September 13, 2012
Digest: A judge may continue to refer cases to a court-sponsored mediation center on the consent of all parties and counsel, and need not disclose his/her spouse’s service on the center’s board of directors, where the director position is uncompensated and the judge’s spouse will not be involved in any mediations.
Rules: 22 NYCRR 100.2; 100.2(A); 100.2(B); 100.3(E)(1); Opinions 11-127; 11-122; 91-03 (Vol. VII).
The inquiring judge’s spouse has been invited to serve on the board of directors of a local mediation center sponsored by the Unified Court System’s Office of Alternative Dispute Resolution and Court Improvement Program. The judge advises that the position is uncompensated, and that, although the judge refers cases to the mediation center, the judge can only do so on the consent of all parties and counsel. The judge asks for guidance on “1) my duty to disclose [my spouse’s] status on the board when discussing possible referral to the [c]enter in order to avoid any appearance of impropriety and, 2) any other ethical considerations the Committee suggests I should undertake.”
A judge must always avoid even the appearance of impropriety (see 22 NYCRR 100.2) and must always promote public confidence in the judiciary’s integrity and impartiality (see 22 NYCRR 100.2[A]). A judge must not allow family or other relationships to influence the judge’s judicial conduct or judgment (see 22 NYCRR 100.2[B]) and must disqualify him/herself in any proceeding in which the judge’s impartiality might reasonably be questioned (see 22 NYCRR 100.3[E]).
Although the present inquiry appears to be a matter of first impression, the Committee has previously addressed somewhat similar issues. In Opinion 91-03 (Vol. VII), the inquiring judge’s spouse was “a coordinator and salaried employee” of the county office of a “conflict resolution center, which ... is funded by the Office of Court Administration.” The Committee advised that the judge may refer cases to the mediation center but “must recuse himself or herself in any case where the judge’s spouse was the mediator or had any connection whatsoever with such mediation” (Opinion 91-03 [Vol. VII]). And, in Opinion 11-122, the Committee advised that a judge may appoint qualified persons to a standing advisory committee for the Unified Court System’s Office of Alternative Dispute Resolution and Court Improvement Program mediation program, where the advisory committee would “advise, assist, support and advocate, as well as assist in on-going evaluation of the [Court’s] Mediation Program.”1 To avoid any appearance of impropriety, the Committee also advised that, after making the initial appointment(s) to the advisory committee, the judge “must have no further involvement with the mediation program or [its] advisory committee ... other than to refer cases” for mediation in the regular course of his/her judicial duties (Opinion 11-122). The Committee noted that, if the judge appoints court employees to serve on the advisory committee, the judge must thereafter “insulate any staff member who serves on the advisory committee from any case that has been referred to the mediation program” if the case returns to the court for any reason (id.).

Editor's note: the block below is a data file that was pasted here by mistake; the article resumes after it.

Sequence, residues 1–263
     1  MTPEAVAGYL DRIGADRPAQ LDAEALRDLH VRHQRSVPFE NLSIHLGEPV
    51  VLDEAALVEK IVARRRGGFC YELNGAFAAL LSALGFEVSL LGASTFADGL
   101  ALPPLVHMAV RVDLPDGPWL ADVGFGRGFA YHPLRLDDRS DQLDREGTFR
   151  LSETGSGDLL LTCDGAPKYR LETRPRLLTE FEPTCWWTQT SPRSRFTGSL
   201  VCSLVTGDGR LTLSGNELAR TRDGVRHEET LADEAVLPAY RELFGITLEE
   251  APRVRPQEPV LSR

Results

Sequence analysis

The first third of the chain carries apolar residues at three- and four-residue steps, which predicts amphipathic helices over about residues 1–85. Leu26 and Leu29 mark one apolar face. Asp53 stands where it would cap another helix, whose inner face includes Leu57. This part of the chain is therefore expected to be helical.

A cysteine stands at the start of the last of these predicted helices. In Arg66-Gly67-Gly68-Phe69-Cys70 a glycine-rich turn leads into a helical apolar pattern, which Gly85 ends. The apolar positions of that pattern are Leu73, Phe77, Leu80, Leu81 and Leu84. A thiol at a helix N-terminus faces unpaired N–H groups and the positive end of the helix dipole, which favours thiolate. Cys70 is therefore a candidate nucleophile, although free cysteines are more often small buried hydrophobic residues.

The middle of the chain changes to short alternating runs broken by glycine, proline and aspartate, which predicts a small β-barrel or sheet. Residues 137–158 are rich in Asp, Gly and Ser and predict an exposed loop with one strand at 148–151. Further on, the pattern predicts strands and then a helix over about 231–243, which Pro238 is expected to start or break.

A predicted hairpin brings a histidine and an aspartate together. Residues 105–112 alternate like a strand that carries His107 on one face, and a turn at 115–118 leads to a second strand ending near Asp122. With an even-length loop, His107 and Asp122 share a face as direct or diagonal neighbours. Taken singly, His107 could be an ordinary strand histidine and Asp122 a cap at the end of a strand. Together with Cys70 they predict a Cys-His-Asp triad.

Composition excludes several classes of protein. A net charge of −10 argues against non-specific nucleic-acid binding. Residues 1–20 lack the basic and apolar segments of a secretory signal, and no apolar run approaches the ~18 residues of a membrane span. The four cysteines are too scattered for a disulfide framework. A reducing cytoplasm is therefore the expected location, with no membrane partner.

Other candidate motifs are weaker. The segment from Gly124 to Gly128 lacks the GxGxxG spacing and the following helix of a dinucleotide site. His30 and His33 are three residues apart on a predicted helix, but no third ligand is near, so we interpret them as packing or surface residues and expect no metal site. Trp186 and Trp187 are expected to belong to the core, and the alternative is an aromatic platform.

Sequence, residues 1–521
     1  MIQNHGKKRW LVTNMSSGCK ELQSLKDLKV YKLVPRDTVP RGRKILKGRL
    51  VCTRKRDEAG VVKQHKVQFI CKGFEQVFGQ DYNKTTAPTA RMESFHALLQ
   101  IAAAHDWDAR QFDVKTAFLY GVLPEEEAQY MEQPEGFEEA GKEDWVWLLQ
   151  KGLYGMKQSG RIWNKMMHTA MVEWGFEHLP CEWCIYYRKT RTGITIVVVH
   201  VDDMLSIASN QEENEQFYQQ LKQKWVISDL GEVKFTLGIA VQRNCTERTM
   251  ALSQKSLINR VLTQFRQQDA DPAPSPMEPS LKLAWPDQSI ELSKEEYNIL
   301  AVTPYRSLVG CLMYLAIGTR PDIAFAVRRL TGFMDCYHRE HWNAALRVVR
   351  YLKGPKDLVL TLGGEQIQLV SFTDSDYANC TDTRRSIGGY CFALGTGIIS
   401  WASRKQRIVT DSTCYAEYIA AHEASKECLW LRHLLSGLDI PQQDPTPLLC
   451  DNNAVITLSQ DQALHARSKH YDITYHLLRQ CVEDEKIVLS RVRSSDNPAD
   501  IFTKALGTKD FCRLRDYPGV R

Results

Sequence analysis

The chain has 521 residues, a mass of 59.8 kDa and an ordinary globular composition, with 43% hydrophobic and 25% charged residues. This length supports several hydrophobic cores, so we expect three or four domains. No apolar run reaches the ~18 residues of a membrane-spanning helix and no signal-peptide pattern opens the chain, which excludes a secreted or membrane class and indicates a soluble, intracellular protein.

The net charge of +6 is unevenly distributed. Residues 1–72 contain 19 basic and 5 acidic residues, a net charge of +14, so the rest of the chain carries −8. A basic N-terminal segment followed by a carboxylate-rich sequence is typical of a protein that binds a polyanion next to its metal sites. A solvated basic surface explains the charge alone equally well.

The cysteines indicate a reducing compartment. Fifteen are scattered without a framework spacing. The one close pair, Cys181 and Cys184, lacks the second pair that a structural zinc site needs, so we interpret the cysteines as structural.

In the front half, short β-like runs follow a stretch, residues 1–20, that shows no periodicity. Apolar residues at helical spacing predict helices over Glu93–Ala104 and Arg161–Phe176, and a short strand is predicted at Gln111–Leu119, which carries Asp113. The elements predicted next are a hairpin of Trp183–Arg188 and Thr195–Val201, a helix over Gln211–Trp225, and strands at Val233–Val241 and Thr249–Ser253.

In the Committee’s view, the circumstances here are even less likely to create any appearance of impropriety or otherwise cause the judge’s impartiality to reasonably be questioned (see 22 NYCRR 100.2; 100.3[E]). As an unpaid member of the mediation center’s board of directors, the judge’s spouse will not be a salaried employee of the center and will neither perform mediation nor supervise or coordinate the work of other mediators (cf. Opinion 91-03 [Vol. VII]). And, on these facts, this inquiry does not in any way suggest the judge is responsible for his/her spouse’s appointment to the board of directors (cf. Opinion 11-122). Accordingly, the Committee concludes that the inquiring judge may continue to refer cases to the court-sponsored mediation center on the consent of all parties and counsel, without disclosing his/her spouse’s service on the center’s board of directors, where the director position is uncompensated and the judge’s spouse will not be involved in the mediation of any case.2
1 The Committee noted that “neither the judge nor the judge’s appointees on the advisory committee will be involved in mediating any individual cases” (Opinion 11-122).
2 The judge may nonetheless, in his/her discretion, voluntarily make such disclosure, even if a party is unrepresented, without incurring any obligation to disqualify him/herself (see Opinion 11-127).